According to a report by Meta, nearly one million Facebook users have been targeted by malicious Android and iPhone apps that attempted to steal their passwords.
The malware, detected over the past year, posed as different kinds of apps, including fake photo editors, virtual private networks that claimed to boost browsing speed and allow access to sites Blocked webs, mobile games, and health and lifestyle trackers. Some promised to turn the user’s face into a cartoon, while others offered horoscopes. Some of these apps managed to pass Apple and Google’s security and end up in the tech giants’ official app stores, but Meta didn’t specify which ones.
The malware’s modus operandi was simple phishing, David Agranovich, director of threat disruption at Meta, said in a press briefing for Meta’s report. Most apps required a Facebook login to use them, which is typical of many apps. But in the background, usernames and passwords, along with two-factor authentication codes, were being sent to app developers, who sought to gain illegal access to Facebook accounts, and nothing more,” Mr. Agranovich said. “Our feeling is that this was not a geographically targeted operation. Rather, it was an attempt to gain access to as many login credentials as possible,” Agranovich added.
He suggested users be wary of apps that require logging into Facebook to get any functionality. “If a flashlight app asks you to log into Facebook before offering you this feature, there’s probably something to be wary of,” he said. He added that reviews that repeatedly label an app as a scam are also a clue to the app’s legitimacy.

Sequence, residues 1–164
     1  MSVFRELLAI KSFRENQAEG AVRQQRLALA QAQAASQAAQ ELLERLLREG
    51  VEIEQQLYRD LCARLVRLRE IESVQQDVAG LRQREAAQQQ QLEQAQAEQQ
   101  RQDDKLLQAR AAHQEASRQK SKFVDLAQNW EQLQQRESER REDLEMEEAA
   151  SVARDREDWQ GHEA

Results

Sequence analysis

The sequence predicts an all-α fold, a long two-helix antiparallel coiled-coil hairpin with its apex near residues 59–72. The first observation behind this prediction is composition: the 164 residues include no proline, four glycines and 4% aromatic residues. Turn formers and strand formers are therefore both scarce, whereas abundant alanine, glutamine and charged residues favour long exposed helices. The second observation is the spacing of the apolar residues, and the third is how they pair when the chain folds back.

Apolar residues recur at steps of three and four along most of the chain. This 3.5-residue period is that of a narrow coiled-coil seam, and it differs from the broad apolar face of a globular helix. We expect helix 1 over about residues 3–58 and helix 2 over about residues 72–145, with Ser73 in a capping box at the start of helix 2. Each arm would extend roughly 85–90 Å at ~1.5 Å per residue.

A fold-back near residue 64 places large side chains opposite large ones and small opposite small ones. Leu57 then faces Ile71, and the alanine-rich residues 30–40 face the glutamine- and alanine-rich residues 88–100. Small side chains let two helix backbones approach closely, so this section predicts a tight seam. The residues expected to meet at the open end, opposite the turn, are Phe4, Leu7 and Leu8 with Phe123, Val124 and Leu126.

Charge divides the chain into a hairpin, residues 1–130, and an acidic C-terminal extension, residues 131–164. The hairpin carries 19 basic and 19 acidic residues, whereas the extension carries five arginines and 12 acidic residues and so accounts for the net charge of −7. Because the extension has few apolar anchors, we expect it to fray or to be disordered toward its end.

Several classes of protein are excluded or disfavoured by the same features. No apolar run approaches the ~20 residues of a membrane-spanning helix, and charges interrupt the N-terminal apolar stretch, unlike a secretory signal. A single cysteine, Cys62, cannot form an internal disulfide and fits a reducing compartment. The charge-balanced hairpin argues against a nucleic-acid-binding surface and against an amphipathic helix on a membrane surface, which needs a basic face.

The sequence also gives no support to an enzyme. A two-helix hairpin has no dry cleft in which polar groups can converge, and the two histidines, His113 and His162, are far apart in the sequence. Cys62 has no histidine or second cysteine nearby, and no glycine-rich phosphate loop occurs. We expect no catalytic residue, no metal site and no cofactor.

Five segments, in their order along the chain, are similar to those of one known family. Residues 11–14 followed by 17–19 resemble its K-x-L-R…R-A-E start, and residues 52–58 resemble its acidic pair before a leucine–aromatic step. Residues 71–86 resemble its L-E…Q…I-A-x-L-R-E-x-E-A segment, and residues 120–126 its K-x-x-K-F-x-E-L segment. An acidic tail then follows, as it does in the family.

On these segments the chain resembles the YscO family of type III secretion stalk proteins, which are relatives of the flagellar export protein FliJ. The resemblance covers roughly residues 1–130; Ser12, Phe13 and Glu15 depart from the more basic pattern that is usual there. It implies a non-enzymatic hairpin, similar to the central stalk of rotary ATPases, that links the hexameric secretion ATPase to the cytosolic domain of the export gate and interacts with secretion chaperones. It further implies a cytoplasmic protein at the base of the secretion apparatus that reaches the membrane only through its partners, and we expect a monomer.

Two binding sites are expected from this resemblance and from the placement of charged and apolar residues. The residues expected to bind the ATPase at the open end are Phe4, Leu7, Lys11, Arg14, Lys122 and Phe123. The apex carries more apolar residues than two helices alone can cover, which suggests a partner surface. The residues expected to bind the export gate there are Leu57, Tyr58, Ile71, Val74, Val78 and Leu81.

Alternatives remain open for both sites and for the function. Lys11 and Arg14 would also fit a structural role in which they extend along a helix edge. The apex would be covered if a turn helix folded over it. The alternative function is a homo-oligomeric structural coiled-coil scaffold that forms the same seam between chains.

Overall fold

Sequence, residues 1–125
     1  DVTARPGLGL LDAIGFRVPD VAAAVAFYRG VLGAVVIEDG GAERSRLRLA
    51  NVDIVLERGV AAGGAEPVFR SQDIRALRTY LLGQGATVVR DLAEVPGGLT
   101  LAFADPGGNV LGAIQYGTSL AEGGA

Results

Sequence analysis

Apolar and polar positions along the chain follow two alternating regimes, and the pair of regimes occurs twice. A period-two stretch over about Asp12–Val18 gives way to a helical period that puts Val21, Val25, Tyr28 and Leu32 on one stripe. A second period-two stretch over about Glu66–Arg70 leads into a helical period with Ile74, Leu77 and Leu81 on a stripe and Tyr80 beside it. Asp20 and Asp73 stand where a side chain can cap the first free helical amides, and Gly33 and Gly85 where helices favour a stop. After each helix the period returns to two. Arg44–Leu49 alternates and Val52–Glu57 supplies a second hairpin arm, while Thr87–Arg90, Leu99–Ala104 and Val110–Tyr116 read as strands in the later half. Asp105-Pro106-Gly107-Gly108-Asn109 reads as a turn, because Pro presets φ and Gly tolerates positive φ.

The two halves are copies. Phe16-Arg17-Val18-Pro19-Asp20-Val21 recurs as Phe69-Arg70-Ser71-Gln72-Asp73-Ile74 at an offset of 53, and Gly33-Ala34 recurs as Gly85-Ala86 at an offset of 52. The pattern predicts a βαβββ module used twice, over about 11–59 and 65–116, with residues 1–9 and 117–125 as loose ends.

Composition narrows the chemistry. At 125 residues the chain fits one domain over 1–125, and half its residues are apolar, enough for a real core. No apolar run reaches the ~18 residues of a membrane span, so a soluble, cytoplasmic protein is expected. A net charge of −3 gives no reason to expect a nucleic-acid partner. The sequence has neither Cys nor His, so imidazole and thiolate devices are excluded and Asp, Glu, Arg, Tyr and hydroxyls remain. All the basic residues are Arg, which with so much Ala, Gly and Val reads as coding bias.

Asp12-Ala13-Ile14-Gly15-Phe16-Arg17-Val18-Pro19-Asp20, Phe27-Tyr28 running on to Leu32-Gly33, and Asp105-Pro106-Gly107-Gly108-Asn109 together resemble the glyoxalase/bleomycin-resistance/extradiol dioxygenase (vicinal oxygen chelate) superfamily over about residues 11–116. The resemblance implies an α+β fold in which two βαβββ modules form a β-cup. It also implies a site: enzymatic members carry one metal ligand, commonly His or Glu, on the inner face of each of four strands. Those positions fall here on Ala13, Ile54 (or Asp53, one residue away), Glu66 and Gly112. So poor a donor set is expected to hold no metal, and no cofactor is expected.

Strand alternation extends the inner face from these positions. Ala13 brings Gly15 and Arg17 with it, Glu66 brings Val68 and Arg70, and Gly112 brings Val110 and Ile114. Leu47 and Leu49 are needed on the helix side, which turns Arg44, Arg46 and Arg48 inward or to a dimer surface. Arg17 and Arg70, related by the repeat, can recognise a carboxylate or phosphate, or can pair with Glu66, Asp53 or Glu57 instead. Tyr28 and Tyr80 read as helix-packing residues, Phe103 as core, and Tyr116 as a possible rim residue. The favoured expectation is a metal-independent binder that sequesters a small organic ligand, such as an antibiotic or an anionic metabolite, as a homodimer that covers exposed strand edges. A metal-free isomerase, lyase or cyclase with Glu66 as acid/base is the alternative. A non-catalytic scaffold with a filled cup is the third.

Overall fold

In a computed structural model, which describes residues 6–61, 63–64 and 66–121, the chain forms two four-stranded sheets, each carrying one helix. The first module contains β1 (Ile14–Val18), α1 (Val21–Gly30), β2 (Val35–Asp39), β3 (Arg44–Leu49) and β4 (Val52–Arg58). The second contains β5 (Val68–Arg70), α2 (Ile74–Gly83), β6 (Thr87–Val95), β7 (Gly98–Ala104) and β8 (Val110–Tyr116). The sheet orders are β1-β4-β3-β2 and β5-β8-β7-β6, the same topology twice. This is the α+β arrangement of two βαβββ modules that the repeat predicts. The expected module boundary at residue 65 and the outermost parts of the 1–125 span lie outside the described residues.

He said Meta would notify one million users if they had been exposed to the apps in some way, although the company could not say for sure whether or not all of those users were affected. How Meta determined which accounts were likely to be affected is also unclear. Mr. Agranovich simply said that the company has ways of detecting “signals”, which “help us understand if this account has been compromised and if an attacker may have gained access to their accounts in a particular way”.
Meta said it had contacted Apple and Google about the search, but could not say whether all of the affected apps had been removed.
Apple said that of the total 400 apps discovered, 45 were on iOS and had been removed from the App Store.
Google said it had already detected and removed many of these apps over the past year before Meta sent out its alerts. A spokesperson added: “All apps identified in the report are no longer available on Google Play. Users are also protected by Google Play Protect, which blocks these apps on Android. »
Article translated from Forbes US – Author: Thomas Brewster
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